3. Watch out entirely for my own safety and leave the store, possibly calling 911 from outside and coming back later to purchase my items, which might not be there any more since they had so few Valentine items left.
4. Throw caution to the wind and stand there, waiting out what could easily turn into a hostage situation in order to spend $8 on my dollar store treasures.
Now, I think it is really imperative to consider the items I was purchasing before making a judgment as to my best final decision. After all, desperate times call for desperate measures, and I pretty desperately wanted four each of the following items:
In case you can't tell, that is a pair of socks that says, "Owl Always Love You" with an apropos owl and a foot pumice stone that is shaped like a lollipop. In other words, treasures beyond worth and basically the world's best Valentine's Day gifts.
So obviously, I threw caution to the wind.
The lady finally calmed down enough to buy her lint roller and left. When my turn came, I smiled as cheerfully as I could and told the ladies at the counter that they were doing a great job. They were more than a little flustered and one looked teary. I walked to my car thinking about Valentine's Day and love and blessing others and how easy it is to have a really rough day. I thought about the couple of times in my life when, after a super rough day, I lost it with someone I didn't even know. In fact, one time, during a stressful, tearful and and frustrating conversation with a medical professional I announced, "You are a horrible person." To which she responded, "I am sorry that you feel that way."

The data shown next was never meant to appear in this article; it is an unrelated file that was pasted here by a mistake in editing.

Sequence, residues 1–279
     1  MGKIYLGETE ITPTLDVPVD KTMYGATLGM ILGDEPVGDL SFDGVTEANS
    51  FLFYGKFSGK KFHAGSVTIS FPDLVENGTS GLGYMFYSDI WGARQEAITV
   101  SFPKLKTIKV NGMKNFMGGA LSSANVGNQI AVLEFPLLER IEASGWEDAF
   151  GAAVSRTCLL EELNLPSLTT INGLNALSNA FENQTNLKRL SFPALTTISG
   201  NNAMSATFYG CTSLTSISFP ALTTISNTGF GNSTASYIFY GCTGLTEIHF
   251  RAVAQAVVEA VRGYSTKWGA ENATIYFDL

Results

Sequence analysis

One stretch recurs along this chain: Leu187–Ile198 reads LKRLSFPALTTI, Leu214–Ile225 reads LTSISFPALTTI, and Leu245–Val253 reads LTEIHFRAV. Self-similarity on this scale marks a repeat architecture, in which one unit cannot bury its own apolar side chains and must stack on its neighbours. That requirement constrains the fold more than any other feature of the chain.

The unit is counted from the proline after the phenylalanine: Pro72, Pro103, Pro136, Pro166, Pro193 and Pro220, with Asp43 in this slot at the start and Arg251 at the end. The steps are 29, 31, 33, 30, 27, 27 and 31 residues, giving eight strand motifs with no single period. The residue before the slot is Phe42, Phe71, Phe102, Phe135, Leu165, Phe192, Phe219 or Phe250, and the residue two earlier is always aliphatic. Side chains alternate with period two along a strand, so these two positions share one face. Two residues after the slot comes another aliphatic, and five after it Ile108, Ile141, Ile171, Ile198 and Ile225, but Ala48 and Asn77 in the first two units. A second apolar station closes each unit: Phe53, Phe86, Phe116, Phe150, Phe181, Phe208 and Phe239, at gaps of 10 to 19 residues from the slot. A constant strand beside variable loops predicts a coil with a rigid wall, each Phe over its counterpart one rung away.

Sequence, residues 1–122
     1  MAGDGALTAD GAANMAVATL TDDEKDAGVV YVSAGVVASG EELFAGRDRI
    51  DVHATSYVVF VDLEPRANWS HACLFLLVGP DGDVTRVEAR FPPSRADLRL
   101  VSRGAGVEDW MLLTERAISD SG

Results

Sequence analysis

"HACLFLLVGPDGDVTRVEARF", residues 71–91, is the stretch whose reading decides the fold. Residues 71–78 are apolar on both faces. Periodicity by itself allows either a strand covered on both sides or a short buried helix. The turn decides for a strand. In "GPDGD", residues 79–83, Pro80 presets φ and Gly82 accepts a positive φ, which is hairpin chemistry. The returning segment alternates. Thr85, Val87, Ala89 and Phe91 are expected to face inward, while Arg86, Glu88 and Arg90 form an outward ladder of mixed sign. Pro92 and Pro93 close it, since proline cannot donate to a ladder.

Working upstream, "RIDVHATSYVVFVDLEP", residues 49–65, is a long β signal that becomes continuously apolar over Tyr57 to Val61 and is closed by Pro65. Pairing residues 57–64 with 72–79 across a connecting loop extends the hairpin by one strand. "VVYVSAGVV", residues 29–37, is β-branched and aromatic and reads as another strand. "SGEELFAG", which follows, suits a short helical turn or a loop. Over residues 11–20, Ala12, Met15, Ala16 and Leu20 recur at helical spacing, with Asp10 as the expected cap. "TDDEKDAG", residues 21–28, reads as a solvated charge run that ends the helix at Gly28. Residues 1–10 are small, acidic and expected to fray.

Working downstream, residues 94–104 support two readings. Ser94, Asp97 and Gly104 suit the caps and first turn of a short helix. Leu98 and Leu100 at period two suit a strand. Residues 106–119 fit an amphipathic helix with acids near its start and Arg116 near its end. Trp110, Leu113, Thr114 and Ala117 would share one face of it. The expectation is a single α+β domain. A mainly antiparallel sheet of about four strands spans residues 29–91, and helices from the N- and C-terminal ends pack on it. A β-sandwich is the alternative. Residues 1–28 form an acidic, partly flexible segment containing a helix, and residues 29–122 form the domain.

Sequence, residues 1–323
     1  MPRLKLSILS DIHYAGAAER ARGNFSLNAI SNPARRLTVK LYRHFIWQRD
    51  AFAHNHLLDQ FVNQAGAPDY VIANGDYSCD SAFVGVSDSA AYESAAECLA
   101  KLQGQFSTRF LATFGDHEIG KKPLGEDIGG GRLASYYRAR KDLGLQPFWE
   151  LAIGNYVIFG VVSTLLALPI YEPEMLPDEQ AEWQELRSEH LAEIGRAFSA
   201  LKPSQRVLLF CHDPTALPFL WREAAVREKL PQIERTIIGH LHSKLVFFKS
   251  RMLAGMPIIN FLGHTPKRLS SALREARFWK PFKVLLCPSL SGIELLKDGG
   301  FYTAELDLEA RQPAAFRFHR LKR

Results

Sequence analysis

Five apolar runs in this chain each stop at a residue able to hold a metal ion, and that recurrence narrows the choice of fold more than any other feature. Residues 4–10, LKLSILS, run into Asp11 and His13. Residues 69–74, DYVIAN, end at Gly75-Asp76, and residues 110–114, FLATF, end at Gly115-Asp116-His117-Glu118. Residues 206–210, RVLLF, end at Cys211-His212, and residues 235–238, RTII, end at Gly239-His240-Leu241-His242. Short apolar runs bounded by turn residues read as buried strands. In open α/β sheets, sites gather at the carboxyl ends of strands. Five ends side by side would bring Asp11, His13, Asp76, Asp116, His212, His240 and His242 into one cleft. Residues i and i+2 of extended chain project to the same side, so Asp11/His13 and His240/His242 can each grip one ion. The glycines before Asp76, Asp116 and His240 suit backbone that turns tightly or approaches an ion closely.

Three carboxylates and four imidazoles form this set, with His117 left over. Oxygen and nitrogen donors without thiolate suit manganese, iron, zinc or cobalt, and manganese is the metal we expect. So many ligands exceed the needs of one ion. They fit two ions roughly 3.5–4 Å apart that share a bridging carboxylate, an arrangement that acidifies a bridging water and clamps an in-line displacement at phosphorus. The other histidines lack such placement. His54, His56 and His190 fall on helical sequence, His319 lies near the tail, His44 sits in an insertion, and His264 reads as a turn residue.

In other words, we all have off days, and there are days when everyone needs just a little extra gesture that says, "I noticed you. I am sorry you are having a bad day."
I wish so much that I'd had the guts to tell that woman in front of me to stop treating those other women badly and that I had the grace and kindness to do it in a way that showed I cared about her, too, lint roller and all. I felt so sad driving away from that store until I remembered that little baggie of chocolates I had on my seat from MOPS. So I pulled an illegal U-turn and walked right back into that dollar store. I handed the bundle over the counter and said, "I thought you guys could use a little chocolate therapy," and the whole line cheered.
I think the lint-roller lady could have used some chocolate therapy, too. I would have given her some if I hadn't been just so darn afraid of those pointy boots. Maybe she would have better appreciated a pair of the socks.
(I would just like to state, for the record, that my favorite part about writing this story was that the climax is a pair of socks that say "Owl Always Love You." I would also like to state, for the record, to the four recipients of these gifts that "Owl always risk life and limb to buy themed socks for you." That is all. Over and out.)